Editor’s Note: Matt Zeller is a US Army veteran. He is currently the advisory board chair of the Association of Wartime Allies. He is co-founder of No One Left Behind, a Truman National Security Project Fellow, and an adjunct fellow at the American Security Project. He is the author of “Watches Without Time,” which chronicles his experience serving as an embedded combat adviser in 2008 with Afghan security forces in Ghazni, Afghanistan. The opinions expressed in this commentary are solely his own. View more opinion on CNN.
As America’s war in Afghanistan comes to an end, many see the inevitable parallels to Vietnam – a long aimless war, a determined enemy ready to out bleed us, and now an evacuation reminiscent of the chaos of Saigon’s final hours.
When a war ends, two questions loom large: Was it worth it? And how do we end it? Only history can answer the first. Only we can answer the latter.
As North Vietnamese forces bore down in a final assault on the dying nation of South Vietnam, American diplomats, spies, and the small remaining cadre of military advisers desperately mounted a last-minute rescue. None of it was planned ahead of time. The fact that we were able to evacuate 130,000 of our Vietnamese wartime allies in such circumstances was a miracle. Many escaped via ships – the remnants of the South Vietnamese Navy and merchant fleet – and sailed to Guam.
Afghanistan is a landlocked country – we do not have the luxury of an ocean and boats to aid us in the evacuation of the more than 70,000 Afghan wartime allies estimated in need of rescue from certain Taliban death.
We cannot load everyone into trucks and drive to safety now that our war is over.
Should we choose to save our Afghan wartime allies – the interpreters, engineers, aid workers, and others essential to our effort – we are going to need the largest airlift since Berlin after World War II.
The White House has finally agreed our allies must be evacuated and it has a plan to evacuate those who can make it to Kabul. Sadly, it is not enough. The Association of Wartime Allies recently polled the Afghan Special Immigrant Visa population. Nearly 49% are outside Kabul – a population of approximately 34,000 people. Unless we go save them, they will die within weeks.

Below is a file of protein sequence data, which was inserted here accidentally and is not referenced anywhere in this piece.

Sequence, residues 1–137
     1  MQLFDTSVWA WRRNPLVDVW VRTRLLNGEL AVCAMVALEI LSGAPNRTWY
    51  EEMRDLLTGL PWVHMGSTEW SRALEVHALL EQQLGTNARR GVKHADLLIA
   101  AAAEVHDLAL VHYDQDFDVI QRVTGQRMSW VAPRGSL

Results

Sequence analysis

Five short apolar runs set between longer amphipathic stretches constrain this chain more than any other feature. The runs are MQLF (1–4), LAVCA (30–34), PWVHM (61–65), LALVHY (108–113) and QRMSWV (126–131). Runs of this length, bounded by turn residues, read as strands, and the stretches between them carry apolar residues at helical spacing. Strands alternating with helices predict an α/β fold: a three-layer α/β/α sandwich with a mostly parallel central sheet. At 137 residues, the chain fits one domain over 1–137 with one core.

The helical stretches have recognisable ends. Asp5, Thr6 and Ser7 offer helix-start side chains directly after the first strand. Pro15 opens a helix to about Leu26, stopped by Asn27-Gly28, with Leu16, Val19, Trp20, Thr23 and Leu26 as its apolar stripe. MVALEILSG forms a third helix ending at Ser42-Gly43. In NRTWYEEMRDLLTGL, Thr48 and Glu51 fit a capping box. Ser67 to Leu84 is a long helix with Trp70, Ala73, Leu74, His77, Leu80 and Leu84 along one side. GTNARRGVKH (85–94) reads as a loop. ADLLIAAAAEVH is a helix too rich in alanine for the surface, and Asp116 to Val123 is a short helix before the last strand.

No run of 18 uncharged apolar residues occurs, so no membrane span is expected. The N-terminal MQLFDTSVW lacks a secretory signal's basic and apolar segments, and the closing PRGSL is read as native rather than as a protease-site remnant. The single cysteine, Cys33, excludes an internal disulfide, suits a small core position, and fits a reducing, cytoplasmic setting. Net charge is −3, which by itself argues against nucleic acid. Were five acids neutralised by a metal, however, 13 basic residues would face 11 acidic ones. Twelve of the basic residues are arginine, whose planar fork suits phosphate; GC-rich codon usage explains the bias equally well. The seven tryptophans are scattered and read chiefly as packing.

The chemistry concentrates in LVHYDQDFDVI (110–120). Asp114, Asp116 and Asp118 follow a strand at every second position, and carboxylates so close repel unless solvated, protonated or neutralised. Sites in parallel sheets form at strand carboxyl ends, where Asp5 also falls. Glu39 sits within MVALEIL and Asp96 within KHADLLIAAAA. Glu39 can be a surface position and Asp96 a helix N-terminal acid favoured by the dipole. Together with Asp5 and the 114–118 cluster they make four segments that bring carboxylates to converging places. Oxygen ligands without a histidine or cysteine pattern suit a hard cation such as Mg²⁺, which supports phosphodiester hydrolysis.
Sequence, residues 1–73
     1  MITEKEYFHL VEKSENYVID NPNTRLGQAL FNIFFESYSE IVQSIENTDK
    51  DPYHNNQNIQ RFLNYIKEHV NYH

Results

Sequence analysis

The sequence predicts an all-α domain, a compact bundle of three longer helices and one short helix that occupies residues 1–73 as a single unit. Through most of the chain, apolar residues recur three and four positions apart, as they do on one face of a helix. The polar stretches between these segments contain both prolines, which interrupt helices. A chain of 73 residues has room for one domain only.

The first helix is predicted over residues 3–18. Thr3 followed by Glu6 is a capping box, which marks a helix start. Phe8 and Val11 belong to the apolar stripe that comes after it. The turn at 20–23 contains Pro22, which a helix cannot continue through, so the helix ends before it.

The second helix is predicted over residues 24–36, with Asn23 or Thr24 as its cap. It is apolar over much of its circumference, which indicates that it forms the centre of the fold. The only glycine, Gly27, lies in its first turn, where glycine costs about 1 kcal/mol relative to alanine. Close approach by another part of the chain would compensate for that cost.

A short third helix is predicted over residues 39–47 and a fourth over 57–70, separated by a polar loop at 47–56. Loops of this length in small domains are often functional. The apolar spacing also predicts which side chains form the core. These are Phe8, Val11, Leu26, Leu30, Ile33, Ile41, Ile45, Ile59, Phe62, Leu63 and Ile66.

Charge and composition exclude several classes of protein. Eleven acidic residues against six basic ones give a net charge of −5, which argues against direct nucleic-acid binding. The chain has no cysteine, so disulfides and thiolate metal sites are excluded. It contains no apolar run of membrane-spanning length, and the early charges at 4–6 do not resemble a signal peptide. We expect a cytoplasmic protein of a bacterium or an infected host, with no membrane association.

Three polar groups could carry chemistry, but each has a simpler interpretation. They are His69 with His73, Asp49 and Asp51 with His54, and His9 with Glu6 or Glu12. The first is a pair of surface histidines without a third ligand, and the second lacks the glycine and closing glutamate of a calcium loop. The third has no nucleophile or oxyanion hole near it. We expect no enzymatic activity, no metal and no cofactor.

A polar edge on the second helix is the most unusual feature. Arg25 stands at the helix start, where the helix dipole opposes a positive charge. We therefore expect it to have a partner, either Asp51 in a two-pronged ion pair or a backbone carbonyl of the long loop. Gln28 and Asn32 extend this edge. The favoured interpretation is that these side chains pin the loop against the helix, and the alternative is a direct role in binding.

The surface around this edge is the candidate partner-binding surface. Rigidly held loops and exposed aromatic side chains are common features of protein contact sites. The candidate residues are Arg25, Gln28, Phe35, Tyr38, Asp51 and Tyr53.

The Taliban claims to control 85% of the country and is fighting to take the cities it does not yet control. They may take Kandahar, Afghanistan’s second-largest city, within weeks. An Association of Wartime Allies survey estimates that 3,200 Afghan allies are currently trapped in Kandahar.
The Taliban has a presence on Afghanistan’s roads and have created checkpoints for vehicles. They have used biometric data at these checkpoints to identify US allies and administer their death sentences on the side of the road. Hundreds have already suffered this fate, according to No One Left Behind.
Commercial air travel is scarce between Afghan cities, and most of our allies cannot afford the ticket. The Afghan military cannot defend or move these people. Only US troops can do it. Now, we have two options before us. Either we accept the mass murder of people we made a promise to save or we take bold action. I argue we must do the latter.
The President should order the 82nd Airborne Division or the 2nd Marine Expeditionary Force back into Afghanistan. We should retake airfields we held mere months ago. Some remain in Afghan military control, others we will likely have to seize from the Taliban by force. From these air bases, we should begin the evacuation of our Afghan wartime allies that should have properly occurred before we withdrew any of our own forces.
Anything less than this bold action all but guarantees our allies and their families who are left behind will die gruesome deaths that the Taliban may film for the world to see. They want to convince our future allies that American friendship is a death sentence. With prior videos of horrendous executions as evidence, how could we argue it isn’t? How will any future allies be able to trust us?
Any lives we save now will prove to allies later that Americans keep their word and will not abandon our friends to our enemies. Our allies are in danger because of their service to the United States mission in Afghanistan. America must meet our commitment to them. A bipartisan coalition in Congress, as well as veteran, human rights and faith organizations all agree – we must save these people. A plan exists to make it happen. Only President Biden can give the order.
How will we end this war? With honor or shame? Do we have the courage and conviction to save these allies or will we leave them to die?